Cherry flavored hard candy held on the heart to displace defibrillator agency, pressed in congruence to pulse fluctuations addressing the vision of American Icon Uncle Sam shaking hands with Hannah Arendt.
Dust poses in fragile posture on picnic tables, abandoned and arranged under oak trees, planted near the sliding doors of the hospital’s entryway. Janitor Tod sprays his rag with dust cleaner, swipes off particles imitating human dandruff. He sniffs the rag. “Smells like Monday.” He announces.
Monique, the hospital administrator, exits through the sliding doors. She approaches Tod, whose back is turned to her. He’s sniffing the rag. She taps him on the shoulder, he turns about face in shock.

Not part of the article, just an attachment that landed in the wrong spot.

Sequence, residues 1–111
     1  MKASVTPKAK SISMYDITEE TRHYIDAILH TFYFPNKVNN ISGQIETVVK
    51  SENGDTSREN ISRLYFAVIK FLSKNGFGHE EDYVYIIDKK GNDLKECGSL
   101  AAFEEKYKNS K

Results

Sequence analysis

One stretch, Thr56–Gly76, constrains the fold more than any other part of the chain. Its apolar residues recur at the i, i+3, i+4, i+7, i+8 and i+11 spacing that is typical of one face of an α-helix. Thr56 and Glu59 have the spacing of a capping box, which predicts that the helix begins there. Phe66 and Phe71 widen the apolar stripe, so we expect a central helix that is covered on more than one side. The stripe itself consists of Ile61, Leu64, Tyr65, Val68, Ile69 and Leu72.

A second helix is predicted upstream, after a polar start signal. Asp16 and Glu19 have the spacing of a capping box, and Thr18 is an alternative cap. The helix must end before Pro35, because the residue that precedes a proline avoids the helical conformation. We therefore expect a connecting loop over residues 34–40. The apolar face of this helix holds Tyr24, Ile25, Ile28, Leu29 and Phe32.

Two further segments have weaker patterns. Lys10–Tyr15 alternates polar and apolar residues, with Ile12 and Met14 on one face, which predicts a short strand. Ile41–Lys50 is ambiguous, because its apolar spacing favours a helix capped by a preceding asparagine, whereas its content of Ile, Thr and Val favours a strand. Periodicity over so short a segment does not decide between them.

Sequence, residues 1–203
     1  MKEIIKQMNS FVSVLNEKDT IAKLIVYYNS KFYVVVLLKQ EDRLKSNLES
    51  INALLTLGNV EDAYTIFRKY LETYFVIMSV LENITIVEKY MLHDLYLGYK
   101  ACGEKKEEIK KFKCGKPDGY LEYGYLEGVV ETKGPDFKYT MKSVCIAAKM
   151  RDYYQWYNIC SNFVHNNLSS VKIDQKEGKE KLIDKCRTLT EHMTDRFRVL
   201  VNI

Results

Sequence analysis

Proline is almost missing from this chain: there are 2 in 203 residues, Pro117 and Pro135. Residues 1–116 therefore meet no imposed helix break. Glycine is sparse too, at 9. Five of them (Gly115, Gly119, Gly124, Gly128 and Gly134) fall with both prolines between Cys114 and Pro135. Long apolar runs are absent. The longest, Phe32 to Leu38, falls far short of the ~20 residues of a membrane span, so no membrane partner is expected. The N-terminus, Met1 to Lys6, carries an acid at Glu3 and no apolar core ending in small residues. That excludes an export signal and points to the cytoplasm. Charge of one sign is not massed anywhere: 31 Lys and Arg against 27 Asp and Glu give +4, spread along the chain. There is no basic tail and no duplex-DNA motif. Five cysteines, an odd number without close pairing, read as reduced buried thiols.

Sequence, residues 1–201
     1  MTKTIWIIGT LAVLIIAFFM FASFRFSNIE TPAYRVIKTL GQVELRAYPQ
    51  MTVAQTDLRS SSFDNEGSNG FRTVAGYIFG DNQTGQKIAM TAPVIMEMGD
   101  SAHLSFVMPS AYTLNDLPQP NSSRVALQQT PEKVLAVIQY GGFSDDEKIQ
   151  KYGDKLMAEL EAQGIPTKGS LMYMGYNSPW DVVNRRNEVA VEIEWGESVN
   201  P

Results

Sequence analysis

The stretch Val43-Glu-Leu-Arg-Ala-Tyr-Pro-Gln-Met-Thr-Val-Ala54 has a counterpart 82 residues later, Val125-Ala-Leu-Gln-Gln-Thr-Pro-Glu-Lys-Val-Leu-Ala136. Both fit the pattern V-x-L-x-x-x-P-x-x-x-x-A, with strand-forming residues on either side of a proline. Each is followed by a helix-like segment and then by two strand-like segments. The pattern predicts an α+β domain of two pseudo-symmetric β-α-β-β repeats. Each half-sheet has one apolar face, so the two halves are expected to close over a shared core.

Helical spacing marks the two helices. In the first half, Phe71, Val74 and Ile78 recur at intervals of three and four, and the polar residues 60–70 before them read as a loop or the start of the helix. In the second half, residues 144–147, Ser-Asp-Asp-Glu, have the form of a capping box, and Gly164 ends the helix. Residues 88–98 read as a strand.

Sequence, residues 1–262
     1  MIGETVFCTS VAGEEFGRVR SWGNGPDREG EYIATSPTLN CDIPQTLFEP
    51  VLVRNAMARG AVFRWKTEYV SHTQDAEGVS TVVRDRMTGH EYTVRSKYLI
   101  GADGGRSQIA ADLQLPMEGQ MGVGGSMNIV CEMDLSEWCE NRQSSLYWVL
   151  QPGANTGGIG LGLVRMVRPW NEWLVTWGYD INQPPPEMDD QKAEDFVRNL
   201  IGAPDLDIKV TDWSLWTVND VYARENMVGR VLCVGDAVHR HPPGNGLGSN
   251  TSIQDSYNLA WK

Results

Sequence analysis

“How’s it smell?” She asks.
“Like Monday.” He responds.
“Hmm,” she ponders, “what does Monday smell like?”
“Like…” He takes another whiff of the rag. “Like sparkles in the ether.”
Monique takes slow, long steps toward the trees. She places her palm on one of their trunks and rubs the bark.
“These were planted 12 years ago. I remember. I was on the board then. They were planted to appease the stockholders…you see…the hospital held a focus group on ways to improve appointments for patients. One of the suggestions was to make it more…” She makes air quotes. “Aesthetically pleasing…as if…a few trees will enhance the brightness of learning about a cancer diagnosis.”
She looks at Tod.
“What do you think?” She asks. “Do you feel pretty?”
“Well. I feel about the same, like there’s nothing special about these trees. They look like every other tree to me.”
She glances up at the branches, a slight breeze shakes the leaves and shifts shadows, back and forth, over her eye line.
“Yeah…me too…just like every other tree….”
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